There’s also a good herbal remedy you can make up using essential oils and regular shampoo and conditioner. It’s there on the site, too. The only concern with this method and the tea tree oil everyone is mentioning is that some essential oils can interfere with the hormonal levels. This can effect the proper development of children if used too often. Just something to consider.

Blessings,
Angie

10 | Shan

September 6th, 2008 at 7:13 am

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My daughter had it in junior kindergarten. While buying the lice shampoo the lady at the pharmacy pointed me in the direction of tea tree oil. Since then once a week I shake a couple of drops in with their shampoo and wash their hair like normal. There have been a few outbreaks in her class since then and she’s never been affected. In fact I just got “the note” home yesterday that there is a case in her class right now.

11 | andrea

September 6th, 2008 at 8:22 am

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Shan: great tip! I might start doing that too.

All About Parasites: Thanks for the additional info. If you think folks would be interested in my tips, feel free to post a link back to this post. (I couldn’t figure out where to do it on your site!)

12 | The Veg Next Door

September 7th, 2008 at 8:56 am

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Anything else I need to worry about before I send my four year old to JK this week? Lice, wrong school buses, what else? Should be an interesting year. :-)

13 | Samanatha

September 8th, 2008 at 10:17 am

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The flea comb is interesting. I did find a really god lice comb online called the NitFree Terminator which I bought at http://www.kleen-free.com and I have never seen it in stores.

They have a Mint Spray which I think works similar to the tea tree oil as a repellent and a mousse that helps to dissolve the glue that is holding the eggs onto the hair and it is all chemical free.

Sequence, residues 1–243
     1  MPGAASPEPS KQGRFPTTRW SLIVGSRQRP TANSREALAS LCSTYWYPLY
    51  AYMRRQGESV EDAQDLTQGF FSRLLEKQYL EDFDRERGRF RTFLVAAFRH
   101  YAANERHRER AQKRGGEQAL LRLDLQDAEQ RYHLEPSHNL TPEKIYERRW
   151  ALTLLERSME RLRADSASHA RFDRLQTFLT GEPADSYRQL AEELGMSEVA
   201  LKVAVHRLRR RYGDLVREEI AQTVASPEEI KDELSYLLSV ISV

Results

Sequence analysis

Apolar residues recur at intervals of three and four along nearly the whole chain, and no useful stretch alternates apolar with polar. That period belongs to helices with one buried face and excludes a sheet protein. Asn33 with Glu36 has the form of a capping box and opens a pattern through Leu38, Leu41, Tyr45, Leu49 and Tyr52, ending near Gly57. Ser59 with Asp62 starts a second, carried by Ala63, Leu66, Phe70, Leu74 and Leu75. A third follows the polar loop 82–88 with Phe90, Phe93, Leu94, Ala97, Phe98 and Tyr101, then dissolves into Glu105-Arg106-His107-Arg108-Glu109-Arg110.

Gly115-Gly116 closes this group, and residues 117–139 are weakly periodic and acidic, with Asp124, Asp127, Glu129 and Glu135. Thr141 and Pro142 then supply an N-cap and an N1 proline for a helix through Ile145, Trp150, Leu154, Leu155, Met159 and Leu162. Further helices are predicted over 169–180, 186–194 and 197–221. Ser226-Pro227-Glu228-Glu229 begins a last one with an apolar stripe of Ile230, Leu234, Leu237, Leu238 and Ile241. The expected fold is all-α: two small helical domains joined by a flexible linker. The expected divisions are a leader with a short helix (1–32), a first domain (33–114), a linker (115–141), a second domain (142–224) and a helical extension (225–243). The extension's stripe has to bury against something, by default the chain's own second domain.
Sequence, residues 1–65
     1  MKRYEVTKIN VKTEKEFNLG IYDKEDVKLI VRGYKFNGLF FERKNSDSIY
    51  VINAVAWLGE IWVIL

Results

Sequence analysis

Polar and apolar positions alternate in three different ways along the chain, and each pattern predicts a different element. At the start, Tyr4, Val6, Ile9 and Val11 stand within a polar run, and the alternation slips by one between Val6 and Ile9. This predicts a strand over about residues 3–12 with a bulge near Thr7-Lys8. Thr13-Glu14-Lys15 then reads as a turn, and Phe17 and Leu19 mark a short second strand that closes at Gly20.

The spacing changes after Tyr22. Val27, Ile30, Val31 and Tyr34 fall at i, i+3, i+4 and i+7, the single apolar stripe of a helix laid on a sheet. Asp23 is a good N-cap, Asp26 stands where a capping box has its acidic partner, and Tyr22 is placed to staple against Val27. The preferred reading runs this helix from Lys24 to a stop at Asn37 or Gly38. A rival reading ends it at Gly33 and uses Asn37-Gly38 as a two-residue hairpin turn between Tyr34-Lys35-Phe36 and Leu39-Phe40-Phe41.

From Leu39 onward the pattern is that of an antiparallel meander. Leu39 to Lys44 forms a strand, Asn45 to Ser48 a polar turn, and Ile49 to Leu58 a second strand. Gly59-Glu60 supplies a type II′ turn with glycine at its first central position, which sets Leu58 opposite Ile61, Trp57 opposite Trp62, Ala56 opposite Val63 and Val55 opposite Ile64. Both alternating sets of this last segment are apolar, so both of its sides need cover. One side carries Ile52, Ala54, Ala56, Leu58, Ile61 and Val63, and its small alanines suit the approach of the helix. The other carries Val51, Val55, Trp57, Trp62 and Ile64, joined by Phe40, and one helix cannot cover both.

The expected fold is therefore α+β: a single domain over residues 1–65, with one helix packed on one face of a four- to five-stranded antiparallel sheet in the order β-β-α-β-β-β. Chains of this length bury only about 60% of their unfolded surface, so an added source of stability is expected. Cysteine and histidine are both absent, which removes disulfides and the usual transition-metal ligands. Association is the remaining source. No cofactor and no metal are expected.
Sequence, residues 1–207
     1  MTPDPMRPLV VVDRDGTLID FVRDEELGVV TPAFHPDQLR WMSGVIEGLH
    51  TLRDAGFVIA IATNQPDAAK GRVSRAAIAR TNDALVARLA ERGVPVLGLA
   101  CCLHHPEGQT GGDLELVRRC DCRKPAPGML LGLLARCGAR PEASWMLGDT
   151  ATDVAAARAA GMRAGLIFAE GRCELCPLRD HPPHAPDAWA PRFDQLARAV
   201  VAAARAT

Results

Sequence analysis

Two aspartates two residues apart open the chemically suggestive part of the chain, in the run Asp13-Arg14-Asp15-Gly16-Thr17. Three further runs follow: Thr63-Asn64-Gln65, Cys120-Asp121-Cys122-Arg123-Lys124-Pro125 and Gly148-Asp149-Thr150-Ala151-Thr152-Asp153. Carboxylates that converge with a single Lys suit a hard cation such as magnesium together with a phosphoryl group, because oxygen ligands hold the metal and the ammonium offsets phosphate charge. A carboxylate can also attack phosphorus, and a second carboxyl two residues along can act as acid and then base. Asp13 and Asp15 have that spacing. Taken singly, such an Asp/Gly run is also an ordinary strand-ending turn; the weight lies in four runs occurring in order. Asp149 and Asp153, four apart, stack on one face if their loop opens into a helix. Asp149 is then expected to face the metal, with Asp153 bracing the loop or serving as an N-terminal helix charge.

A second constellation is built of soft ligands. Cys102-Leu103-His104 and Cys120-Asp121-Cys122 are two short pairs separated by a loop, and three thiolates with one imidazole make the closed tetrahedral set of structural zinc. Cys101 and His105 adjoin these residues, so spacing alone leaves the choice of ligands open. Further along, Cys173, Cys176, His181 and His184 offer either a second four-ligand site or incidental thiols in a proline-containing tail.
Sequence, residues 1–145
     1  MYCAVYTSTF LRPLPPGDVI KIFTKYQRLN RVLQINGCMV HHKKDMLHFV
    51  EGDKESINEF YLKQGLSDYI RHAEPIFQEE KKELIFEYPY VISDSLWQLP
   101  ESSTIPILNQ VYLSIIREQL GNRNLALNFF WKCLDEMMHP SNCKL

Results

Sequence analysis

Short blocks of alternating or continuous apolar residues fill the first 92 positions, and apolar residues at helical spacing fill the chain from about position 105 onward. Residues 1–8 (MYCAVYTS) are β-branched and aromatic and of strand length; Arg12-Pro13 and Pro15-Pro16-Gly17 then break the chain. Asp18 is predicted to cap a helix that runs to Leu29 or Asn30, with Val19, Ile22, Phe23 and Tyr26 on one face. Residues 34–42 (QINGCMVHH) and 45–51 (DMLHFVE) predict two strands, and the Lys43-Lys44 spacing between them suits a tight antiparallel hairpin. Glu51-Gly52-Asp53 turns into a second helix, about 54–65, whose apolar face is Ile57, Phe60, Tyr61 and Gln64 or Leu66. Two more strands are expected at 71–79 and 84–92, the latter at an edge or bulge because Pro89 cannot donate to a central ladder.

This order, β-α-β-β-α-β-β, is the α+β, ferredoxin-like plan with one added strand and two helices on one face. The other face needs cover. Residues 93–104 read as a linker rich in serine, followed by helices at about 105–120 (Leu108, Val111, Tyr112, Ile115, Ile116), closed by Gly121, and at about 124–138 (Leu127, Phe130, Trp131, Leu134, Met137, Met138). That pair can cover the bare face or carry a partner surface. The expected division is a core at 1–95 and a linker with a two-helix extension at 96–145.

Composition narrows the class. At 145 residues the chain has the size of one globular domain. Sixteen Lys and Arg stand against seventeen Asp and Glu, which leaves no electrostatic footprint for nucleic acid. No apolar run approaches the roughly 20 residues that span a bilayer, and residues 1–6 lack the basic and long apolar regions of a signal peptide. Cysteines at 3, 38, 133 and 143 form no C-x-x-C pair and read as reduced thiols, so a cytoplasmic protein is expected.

My best piece of advice is to be a boy scout and Be Prepared – you never know when you will find out that your little one has lice but you can be guaranteed that it will be 5 minutes after the local drugstore closed.

An ounce of prevention….

Sam

14 | jenn

September 8th, 2008 at 10:31 am

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try this…

wwww.fairytaleshaircare.com

:)

15 | Lisa

January 21st, 2009 at 9:39 pm

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I was wondering, I keep hearing that to do a prevention of lice, to add a few drops of tea tree oil to shampoo…..but no one has said the ratio. Do I add a couple of drops in my hand with the amount of shampoo already on my hand.?????? Do i add a couple of drops of the oil to a whole shampoo bottle? Need to know. I have to bottles of it i got today. son had lice on Sunday, he’s been treated with nix(before I knew there was a natural treatment) So far, he’s ok…. we have been cutting out the eggs a couple of days after the fact, but I haven’t seen anymore as of today. I really want to either spray the tea tree oil on his hair (not sure on that ratio of oil to water for that either) And how long do you leave it all on if you are using it as a shampoo.??? Can someone please help. He is going to school and I can’t afford to get this back! thanks, lisa

16 | andrea

January 21st, 2009 at 10:45 pm

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During the infestation I was using tea tree oil shampoo I bought at the drugstore, and as per the directions on the bottle I was adding additional tea tree oil to it (five extra drops or something like that) every time I washed someone’s hair.

From time to time I will add TT oil to the kids conditioner, (after shampooing with regular shampoo) as a preventative measure. I only add three or four drops.

Hope this helps!

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My name is Andrea and I live in the Westboro area of Ottawa with my husband Mark and our dog Piper who is kind of a big deal on Instagram. We also have two human daughters: Emma (20) and Sarah (18). During the day I work as a writer at The Royal Ottawa Mental Health Centre. I am a longtime Ottawa blogger and I've occupied this little corner of the WWW since 1999. The Fishbowl is my whiteboard, water cooler, and journal, all rolled into one. I'm passionate about healthy living, arts and culture, family travel, great gear, good food, and sharing the best of Ottawa for families. I also love vegetables, photography, gadgets, and great design.